User journey and the Google query log: What most SEOs overlook

There are countless tutorials written on how to do keyword research. Usually a seed keyword is used to retrieve all lexical keywords modifications. Combined with estimated monthly search volume, this data serves as a foundation for defining keyword clusters. These keyword clusters in turn form a topical map. In reality, the produced map is nothing more than a hierarchical concept map. It misses one thing, how real users use Google and navigate the Internet. What is their user journey?

There have been many debates over the importance of click data and search volume data, but there is one valuable source of data for Google, which is completely off the radar for most SEOs; the Google query log.

What is the query log?

The query log is a record of all queries performed on Google by different users. It will contain many different attributes: user identifier, session identifier, device, query issued etc. But why is this data valuable? By interogating it, Google can identify different behaviors common to many users. For example, if Google sees that some queries occur frequently together during one user session, it may start to think that these queries are related.

Google uses this data later for recommending related queries. It can also use this data for identifying query clusters.

How do we find related queries?

Although we don’t have access to the Google Query Log, there are several places where we can look for hints of related queries which people usually search together.

Related searches

In the original patent Google talked about selecting entities from the search result documents, and using these entities to provide query refinements.

Let's take a look at the query “people also ask”. We can see that Google returns not only refinements containing the “people also ask” term, but also related entities.

People Also Ask

Google’s motivation behind creating the People Also Ask feature was, perhaps, that while Googlers were analyzing query logs, they saw that a lot of broader queries are later followed by different question queries. That is what typically happens during the topic research phase. In order to improve usability and save users time, they came up with the idea of displaying short answers to these question queries under the PAA snippet box.

These questions are closely related to the initial seed keyword, and signal the additional information needs a user may have. They give a broad overview of a topic and may surface additional adjacent topics. The selection of these questions is tied to underlying topic sets (search queries associated with the search result documents), which is again an indicator of real user behavior and preferences.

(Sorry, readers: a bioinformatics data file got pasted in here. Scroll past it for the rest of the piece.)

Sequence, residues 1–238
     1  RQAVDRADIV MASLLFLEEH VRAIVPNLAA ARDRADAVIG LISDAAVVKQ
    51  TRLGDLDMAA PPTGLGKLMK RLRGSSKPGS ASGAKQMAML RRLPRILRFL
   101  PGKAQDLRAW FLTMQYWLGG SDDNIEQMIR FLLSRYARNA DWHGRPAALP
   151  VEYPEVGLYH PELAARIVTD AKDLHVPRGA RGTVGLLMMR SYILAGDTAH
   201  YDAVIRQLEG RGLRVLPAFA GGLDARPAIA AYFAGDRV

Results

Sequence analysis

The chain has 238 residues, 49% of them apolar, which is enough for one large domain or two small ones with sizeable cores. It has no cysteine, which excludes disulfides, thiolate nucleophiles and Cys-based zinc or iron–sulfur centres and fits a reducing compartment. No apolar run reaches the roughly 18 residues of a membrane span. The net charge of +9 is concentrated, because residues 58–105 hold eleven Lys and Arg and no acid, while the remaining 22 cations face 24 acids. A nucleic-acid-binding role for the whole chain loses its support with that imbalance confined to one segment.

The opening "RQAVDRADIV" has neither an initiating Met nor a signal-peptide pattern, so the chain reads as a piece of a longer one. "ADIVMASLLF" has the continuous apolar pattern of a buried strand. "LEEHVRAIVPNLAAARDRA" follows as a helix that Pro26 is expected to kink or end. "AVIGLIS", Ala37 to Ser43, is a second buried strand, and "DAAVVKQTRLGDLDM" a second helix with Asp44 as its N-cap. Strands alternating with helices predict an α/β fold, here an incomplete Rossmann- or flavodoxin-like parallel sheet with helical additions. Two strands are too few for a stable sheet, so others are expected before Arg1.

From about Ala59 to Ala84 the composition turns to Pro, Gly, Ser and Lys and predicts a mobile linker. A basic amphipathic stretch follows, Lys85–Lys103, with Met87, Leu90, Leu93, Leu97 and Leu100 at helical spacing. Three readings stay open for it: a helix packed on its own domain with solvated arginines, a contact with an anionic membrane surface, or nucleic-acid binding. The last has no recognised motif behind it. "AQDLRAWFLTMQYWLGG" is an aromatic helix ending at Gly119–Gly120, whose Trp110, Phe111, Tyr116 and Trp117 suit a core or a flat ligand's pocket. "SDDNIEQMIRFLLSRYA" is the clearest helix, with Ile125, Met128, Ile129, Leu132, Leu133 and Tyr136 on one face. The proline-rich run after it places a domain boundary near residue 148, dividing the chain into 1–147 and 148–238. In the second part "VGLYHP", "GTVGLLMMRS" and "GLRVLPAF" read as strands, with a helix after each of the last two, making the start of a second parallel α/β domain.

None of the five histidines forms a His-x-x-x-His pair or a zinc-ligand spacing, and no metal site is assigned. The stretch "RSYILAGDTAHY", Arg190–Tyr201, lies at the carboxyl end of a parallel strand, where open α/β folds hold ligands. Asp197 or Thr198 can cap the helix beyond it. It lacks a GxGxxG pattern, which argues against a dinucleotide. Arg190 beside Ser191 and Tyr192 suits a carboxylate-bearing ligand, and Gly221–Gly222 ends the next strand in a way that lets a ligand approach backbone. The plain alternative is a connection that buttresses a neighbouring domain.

Google Autocomplete using the previously submitted query

This Google feature was initially spotted we spotted at KeywordsPeopleUse during Google patent research, and then implemented in our innovative Semantic Keyword Research Tool.

This is the strongest indicator of co-occurring queries, or, in other words, the queries that people frequently search together.

Traditional Keyword Research vs Relevance Based Keyword Research

Traditional keyword research tools usually provide just a list of keywords all of which include some seed keyword. It makes them less useful for longer queries or more niche concepts. See the example below

On the other hand, all the aforementioned methods of mining related search queries combined together in a single Keyword Clustering Tool can yield far superior results.

The benefits of understanding the user journey concept

The main benefit of understanding the user journey concept is to better understand the minds and motivations of your customers and be able to craft a properly tailored topical map for them: identify the main topic of the site and its subtopics, identify broader topics which are related to the main topics of the site, and properly link between them. This is where the topics and connections between them are based not on lexical relationships between words, but on past user behavior reflected in query logs. Using the tools outlined in this article can facilitate the creation of such topical maps.

For example, for queries about keyword research we observed some other co-occurring queries related to AI website builders and AI video editing tools. These broader topics may well resonate with parts of your audience, and be a signal for creating an article, for example, about “Top AI website builders”, and then linking to “Best keyword research tools” from this article, thus creating a proper contextual transition.


Edd Dawson

Founder KeywordsPeopleUse

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